Avoiding common mistakes when buying a property to renovate in Italy
Buying a renovation project in Italy is a common scenario. It is also a common scenario for these projects to end in heartache.
At De Tullio Law Firm we often don’t meet these buyers until after they have purchased a property. They have usually spent way more than they expected and need to fix problems.
The best advice we can give you is to engage an Italian lawyer before buying a property to renovate in Italy. It will save you time, money and anguish.
A Renovation property in Italy: the right project for you?
No matter how experienced you are, a renovation project anywhere can be a stressful and time-consuming process. Even more so if you live overseas, can only visit Italy periodically and you are not a fluent Italian speaker. Unless a project is guaranteed to give you your dream home, or make you money, think carefully. You may be taking on the wrong property.
Make sure you know exactly what you are buying
Don’t wait to discover major legal issues such as lack of planning permission until after your purchase is complete. Having a lawyer means you have someone to work on your behalf to conduct thorough due diligence. Any legal non-compliances will be detected before you complete the purchase.
In addition, your lawyer will assist you in obtaining a structural survey. A survey of the property will reveal important information about construction and building materials. It will highlight problems and remedial actions. Moreover, it will give you a good indication of the likely cost of renovations. It is also worth commissioning a measured survey of the building. This will give you a detailed set of floorplans and elevations on which to base your proposed renovations.
Even minor renovations can turn into a nightmare if your builders or subcontractors fail to do a good job.
Always ask for references, and speak to previous clients. Your lawyer can help you hire reputable builders and can act as project manager on your behalf throughout the project.
Buying a renovation property in Italy: costs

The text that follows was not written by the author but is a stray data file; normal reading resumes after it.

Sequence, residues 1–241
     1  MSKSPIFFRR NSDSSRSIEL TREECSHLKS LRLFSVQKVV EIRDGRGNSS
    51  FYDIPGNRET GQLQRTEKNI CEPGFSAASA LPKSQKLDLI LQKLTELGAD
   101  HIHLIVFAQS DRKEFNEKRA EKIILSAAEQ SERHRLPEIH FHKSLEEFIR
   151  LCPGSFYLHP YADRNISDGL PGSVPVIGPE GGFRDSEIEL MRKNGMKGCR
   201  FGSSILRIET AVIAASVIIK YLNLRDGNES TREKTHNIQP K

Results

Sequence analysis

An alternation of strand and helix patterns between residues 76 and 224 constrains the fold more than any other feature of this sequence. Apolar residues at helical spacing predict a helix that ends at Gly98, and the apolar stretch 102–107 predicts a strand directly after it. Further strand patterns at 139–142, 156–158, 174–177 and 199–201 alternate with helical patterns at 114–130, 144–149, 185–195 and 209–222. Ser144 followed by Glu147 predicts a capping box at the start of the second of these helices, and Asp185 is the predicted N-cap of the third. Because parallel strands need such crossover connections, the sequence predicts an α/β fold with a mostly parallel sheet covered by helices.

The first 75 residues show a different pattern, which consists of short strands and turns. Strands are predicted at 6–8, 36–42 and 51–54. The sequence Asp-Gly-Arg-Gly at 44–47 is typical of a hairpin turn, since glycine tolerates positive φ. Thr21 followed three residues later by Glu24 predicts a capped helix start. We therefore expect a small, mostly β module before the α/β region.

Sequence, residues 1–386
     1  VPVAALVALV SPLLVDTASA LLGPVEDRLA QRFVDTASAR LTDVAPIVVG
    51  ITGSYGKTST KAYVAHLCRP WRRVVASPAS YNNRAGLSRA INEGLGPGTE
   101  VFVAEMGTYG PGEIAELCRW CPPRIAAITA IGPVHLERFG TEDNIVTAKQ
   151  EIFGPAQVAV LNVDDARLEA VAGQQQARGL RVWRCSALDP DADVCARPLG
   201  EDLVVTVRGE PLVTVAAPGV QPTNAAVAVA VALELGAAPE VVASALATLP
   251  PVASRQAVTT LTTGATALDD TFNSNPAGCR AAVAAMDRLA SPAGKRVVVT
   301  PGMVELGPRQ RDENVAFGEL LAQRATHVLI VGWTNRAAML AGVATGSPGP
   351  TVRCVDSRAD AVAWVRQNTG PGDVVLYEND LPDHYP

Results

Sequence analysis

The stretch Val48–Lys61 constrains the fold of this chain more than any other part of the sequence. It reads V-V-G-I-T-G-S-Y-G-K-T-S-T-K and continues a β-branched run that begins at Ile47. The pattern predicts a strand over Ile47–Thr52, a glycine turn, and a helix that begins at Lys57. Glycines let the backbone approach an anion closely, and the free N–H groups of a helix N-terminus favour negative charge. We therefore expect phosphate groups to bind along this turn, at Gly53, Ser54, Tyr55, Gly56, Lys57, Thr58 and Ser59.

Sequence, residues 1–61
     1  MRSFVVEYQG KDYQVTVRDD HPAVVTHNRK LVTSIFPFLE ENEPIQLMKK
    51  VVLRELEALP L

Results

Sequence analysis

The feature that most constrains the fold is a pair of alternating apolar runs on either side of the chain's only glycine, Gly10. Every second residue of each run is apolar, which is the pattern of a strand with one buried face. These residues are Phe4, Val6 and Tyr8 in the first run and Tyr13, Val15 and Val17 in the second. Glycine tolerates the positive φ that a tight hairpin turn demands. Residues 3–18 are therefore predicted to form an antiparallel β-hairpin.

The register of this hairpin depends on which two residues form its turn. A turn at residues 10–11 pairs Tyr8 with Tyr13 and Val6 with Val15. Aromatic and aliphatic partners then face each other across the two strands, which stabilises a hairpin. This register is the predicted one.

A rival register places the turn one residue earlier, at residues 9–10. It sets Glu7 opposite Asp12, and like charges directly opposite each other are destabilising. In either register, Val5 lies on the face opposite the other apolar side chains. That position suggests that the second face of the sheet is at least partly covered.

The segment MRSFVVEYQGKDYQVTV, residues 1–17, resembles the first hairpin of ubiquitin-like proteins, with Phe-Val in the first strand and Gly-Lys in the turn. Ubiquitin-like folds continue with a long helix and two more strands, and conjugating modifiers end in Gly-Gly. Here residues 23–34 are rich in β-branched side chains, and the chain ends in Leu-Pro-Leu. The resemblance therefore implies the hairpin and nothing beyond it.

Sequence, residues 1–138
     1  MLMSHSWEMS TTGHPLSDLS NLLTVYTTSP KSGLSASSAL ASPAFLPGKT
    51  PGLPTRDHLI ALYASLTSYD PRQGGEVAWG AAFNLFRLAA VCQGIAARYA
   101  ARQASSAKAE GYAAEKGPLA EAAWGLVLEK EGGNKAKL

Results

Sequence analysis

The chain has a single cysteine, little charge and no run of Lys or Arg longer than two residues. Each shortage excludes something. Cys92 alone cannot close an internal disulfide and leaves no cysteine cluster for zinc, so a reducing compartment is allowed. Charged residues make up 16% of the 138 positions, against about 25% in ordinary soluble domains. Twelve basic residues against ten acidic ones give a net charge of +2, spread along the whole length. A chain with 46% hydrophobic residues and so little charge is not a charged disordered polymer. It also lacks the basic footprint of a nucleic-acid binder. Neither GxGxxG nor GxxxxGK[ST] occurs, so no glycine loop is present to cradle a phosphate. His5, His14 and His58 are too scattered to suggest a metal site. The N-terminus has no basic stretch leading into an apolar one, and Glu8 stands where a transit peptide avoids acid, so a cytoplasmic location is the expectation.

Work always costs more than you expect. This is because you can’t foresee some problems until renovations start. You may have to change your mind or alter designs or specifications.
Always include a budget contingency of 10 – 20% to cover unforeseen costs and fully expect to spend it.
Make sure your plans are as detailed as possible; list all the tasks and materials and, who is going to do the work. Don’t forget to allow for skips, scaffolding, tools and plant hire. Estimate costs by comparing similar projects in the area. Make sure you, and/or your lawyer, get builders’ quotes.
We would recommend that you instruct your lawyer to draft a building contract with your chosen builder. A building contract makes the builder’s quote legally binding.
Heed Italian rules and regulations when buying a property to renovate
Under no circumstances, should you ignore requirements of the Italian law, as it will eventually catch up with you. Do not undertake any work without first checking whether you need to satisfy requirements such as planning and building permits.
You may also need to notify neighbours or others regarding your renovation plans. Your lawyer can advise you if property deeds contain restrictive covenants, leases or other overriding interests in the property and land.
What are the penalties if you don’t follow the Italian law?
You may think that you can obtain the required planning permission retrospectively. However this is not always possible. Even if you can make a retrospective planning application, it may be rejected. Your illegal work could then constitute a criminal offence. In this case, the Italian State may seize your property. Getting your property back will likely be a very lengthy and costly process.
Failure to obtain the relevant approvals, you will have to prove compliance. This may mean undoing completed work.
Breaching a restrictive covenant or the terms of a lease can lead to a court injunction, you may have to pay fines or even have to undo your renovations.
Before you can start renovations, you will probably need to do some demolition. As building materials need careful disposal, demolition work is a procedure that will also require authorisation.
With over 55 years of experience as specialist property lawyers throughout Italy, we strongly recommend that you seek independent legal advice before purchasing any property in Italy. If you have already purchased a property but have run into trouble and would like to discuss your situation, please get in touch. We can help!
You may also be interested in How to get a mortgage in Italy, Building a House in Italy: a short step by step guide